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Florists heartbroken as Pakistan spurns Valentine

A couple pose for photograph in front of a giant heart-shaped bouquet displayed by a vendor to attract customers on Valentine's Day in Islamabad, Pakistan. (AFP)


Flower shops in Pakistan were largely empty over the weekend after officials and religious leaders condemned Valentine's Day as a Western import and urged people to shun the festivities.

Religious hard-liners across the world reject the holiday honoring romance, which is named for a saint, but that doesn't usually stop people from enjoying the flowers, balloons, candies and other kitsch that go with it.

Islamic groups in Pakistan inveighed against the holiday on social media and on public banners, as they do every year.

 A business group published a quarter-page advertisement in a major newspaper calling Valentine's Day a Western custom that went against Islam.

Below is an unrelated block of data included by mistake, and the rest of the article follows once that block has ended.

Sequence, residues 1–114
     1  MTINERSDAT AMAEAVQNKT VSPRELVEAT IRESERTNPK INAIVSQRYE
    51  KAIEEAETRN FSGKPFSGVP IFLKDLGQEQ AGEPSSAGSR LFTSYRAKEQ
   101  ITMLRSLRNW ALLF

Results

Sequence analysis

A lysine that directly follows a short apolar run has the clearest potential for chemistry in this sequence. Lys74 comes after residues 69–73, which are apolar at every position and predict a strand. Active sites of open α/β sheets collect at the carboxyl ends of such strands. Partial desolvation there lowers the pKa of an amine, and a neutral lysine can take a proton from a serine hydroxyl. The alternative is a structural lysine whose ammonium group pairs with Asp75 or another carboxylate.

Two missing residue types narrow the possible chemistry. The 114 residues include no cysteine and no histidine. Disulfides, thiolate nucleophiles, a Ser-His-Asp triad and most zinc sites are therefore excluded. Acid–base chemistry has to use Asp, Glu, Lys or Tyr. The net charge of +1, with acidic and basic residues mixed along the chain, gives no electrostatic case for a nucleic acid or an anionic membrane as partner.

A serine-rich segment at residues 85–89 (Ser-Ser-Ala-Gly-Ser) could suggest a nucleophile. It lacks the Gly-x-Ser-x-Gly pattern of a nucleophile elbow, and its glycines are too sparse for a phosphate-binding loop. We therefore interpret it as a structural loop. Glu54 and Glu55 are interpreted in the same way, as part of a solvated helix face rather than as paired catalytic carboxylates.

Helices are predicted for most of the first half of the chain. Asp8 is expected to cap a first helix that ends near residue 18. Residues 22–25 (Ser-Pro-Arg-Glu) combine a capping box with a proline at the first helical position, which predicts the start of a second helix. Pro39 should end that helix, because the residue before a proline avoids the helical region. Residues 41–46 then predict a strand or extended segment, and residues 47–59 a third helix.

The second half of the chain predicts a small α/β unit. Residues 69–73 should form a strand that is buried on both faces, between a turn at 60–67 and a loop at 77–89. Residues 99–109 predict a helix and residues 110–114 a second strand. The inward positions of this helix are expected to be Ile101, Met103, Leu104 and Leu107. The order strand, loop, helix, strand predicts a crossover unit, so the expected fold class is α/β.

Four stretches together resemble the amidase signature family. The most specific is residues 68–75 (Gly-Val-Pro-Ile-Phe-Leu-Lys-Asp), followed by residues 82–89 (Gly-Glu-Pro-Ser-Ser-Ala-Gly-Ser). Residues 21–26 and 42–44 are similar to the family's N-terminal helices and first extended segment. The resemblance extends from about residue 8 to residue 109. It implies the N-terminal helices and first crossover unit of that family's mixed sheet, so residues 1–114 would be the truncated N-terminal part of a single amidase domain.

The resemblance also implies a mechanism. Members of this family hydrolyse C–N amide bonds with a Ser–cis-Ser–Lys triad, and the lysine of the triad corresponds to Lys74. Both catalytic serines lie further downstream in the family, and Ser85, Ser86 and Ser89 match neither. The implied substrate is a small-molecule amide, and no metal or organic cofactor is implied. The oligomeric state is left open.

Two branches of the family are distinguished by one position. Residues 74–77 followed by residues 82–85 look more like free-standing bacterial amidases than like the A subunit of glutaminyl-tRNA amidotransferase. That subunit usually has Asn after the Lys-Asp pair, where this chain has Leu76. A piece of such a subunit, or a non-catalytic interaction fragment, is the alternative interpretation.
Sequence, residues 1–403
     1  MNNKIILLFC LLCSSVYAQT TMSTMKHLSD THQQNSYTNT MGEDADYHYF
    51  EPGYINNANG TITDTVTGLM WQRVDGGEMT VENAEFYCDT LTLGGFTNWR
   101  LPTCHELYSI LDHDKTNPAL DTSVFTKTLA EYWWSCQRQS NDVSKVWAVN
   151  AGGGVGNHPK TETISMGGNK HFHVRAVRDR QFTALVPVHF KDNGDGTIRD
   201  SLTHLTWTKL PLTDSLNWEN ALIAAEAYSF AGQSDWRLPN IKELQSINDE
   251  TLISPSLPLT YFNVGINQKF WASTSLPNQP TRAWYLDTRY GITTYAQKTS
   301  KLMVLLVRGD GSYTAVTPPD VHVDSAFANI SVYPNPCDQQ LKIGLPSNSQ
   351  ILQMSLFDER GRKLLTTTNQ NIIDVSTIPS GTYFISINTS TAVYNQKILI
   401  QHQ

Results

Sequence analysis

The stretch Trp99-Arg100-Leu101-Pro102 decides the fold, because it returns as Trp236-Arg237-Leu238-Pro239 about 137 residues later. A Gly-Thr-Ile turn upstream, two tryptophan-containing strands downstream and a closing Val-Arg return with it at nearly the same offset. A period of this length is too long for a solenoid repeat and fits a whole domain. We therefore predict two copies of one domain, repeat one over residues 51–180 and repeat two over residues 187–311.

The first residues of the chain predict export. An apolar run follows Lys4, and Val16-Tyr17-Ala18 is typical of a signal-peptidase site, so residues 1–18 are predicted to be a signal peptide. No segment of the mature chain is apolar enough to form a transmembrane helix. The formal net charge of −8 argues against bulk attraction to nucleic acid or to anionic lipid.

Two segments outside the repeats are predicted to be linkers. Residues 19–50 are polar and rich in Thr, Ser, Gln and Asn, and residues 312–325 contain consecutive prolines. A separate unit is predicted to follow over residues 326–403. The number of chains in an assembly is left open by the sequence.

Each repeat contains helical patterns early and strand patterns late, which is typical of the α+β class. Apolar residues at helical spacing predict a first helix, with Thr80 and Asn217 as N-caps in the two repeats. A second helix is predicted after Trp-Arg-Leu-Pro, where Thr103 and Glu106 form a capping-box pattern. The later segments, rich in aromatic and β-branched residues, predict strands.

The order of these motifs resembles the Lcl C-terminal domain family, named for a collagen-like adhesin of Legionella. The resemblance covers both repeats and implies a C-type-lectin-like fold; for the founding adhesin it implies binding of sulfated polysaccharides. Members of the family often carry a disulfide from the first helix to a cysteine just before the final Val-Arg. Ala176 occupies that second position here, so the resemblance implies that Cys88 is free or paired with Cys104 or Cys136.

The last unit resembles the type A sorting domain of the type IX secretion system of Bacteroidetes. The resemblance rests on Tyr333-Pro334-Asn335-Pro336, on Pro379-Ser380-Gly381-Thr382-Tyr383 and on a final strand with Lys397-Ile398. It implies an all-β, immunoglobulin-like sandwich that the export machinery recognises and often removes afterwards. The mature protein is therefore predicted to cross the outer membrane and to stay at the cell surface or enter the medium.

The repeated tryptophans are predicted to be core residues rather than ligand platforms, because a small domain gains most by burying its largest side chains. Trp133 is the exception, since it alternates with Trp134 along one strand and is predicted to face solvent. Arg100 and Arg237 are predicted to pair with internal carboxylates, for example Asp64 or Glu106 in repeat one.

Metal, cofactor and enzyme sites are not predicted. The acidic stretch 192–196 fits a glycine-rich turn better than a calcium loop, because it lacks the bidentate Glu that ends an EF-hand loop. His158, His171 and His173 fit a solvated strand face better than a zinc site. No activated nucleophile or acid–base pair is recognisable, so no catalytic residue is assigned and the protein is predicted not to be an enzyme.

But this year the authorities weighed in as well. Pakistani President Mamnoon Hussain told a group of students on Friday that the holiday "has no connection to our culture" and that celebrations should be avoided. Interior Minister Chaudhry Nisar Khan said the government would not allow any "unwanted events."

The message seems to have gotten through. Vendors selling roses, red balloons and teddy bears said there were fewer customers than in previous years.

"Our flower business is down due to the condemnation by the president and interior minister, and the ban imposed on Valentine's Day celebrations," said Mohammad Arshad, a shopkeeper in the capital, Islamabad. "That's why there are so few customers in the market."

A few Pakistanis nevertheless got into the spirit. Sardar Majid Khan brought his kids to a market in Islamabad to buy them flowers.

"If we have an opportunity to celebrate and enjoy this type of event with our kids and families, then I don't think this condemnation should be given," he said.

"But on the other hand, we should keep in mind that it is not our cultural event and this day shouldn't be used wrongly."